Sudan calls for adoption of Indian Rupee for bilateral trade
India should push for the use of its Rupee in bilateral trade in Africa, the Sudanese ambassador to India said on Friday. President Omar Al Bashir will arrive in Delhi on 28 October.
Ahead of the India-Africa Summit, 26-30 October, which President Omar Al Bashir will attend, Ambassador Hassan El Taleb stated that Africa was under “monetary colonisation” owing to the dependence on the US Dollar. He added that there is no reason why the Indian government should not push for the adoption of Indian Rupees in commercial transactions.
Sudan has been on the US list of ‘state sponsors of terrorism’ since 1993. In 1996 and 1997, Washington imposed broad economic sanctions on the country. Experts say that the sanctions significantly contributed to the rise in the black market exchange rate of the US Dollar.
In September 2010, the Central Bank of Sudan announced that the lack of hard currency was becoming acute. The situation worsened after South Sudan seceded in July 2011, by which Sudan lost two-thirds of its oil revenues to the South, an important source of hard currency. A Sudanese economist predicted earlier this month that a continuation of both the economic sanctions and the armed conflicts in the country will further push the black market US Dollar rate to rise.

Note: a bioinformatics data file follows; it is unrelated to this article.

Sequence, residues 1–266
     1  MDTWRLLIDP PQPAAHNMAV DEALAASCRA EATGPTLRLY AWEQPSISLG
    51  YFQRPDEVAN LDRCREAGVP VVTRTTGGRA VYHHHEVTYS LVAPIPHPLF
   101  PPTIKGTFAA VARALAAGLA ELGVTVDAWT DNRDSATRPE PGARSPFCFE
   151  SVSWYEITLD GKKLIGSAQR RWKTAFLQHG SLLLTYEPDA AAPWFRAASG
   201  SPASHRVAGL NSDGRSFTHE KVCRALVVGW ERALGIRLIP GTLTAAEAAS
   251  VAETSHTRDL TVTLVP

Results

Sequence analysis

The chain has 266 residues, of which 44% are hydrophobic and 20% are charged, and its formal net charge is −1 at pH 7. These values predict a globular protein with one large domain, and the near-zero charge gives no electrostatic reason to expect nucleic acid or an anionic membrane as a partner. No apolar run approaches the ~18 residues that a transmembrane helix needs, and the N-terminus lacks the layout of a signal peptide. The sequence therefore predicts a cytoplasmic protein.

Gold and agriculture
According to Ambassador El Taleb, Sudan annually produces 70 tons of gold. As for the agricultural sector, he noted that Indian farmers are welcome to cultivate land in Sudan, “not only to feed Sudan, but also for the export market.
“By investing in Sudan, India can easily sustain its market. The farming technologies used by India are very much adaptable to African nations,” he added.
India has become one of Sudan’s top trading partners over the past few years. India’s 2014-15 exports to Sudan reached $882.47 million, while imports stood at $569.66 million.
Indian farmers are welcome to cultivate land in Sudan, “not only to feed Sudan, but also for the export market".
The spokesman for the Indian Ministry of External Affairs, Vikas Swarup, stated that Sudan is open to Indian investment in agriculture, gold mining, and petroleum.
“Over the years, Sudan has emerged as a major producer of gold. We want India to invest more in gold mining, apart from other areas such as agriculture and infrastructure, through which Indo-Sudanese relations can reach new heights,” he said.
President Omar Al Bashir will arrive in Delhi on 28 October for his first visit to the country after he was indicted by the International Criminal Court (ICC) for war crimes and crimes against humanity in 2009 and genocide in 2010, all related to the conflict in Darfur.
Swarup reiterated on Friday that India is not a member of Rome Statute and therefore does not need to abide by its directives.
(Source: The New Indian Express)
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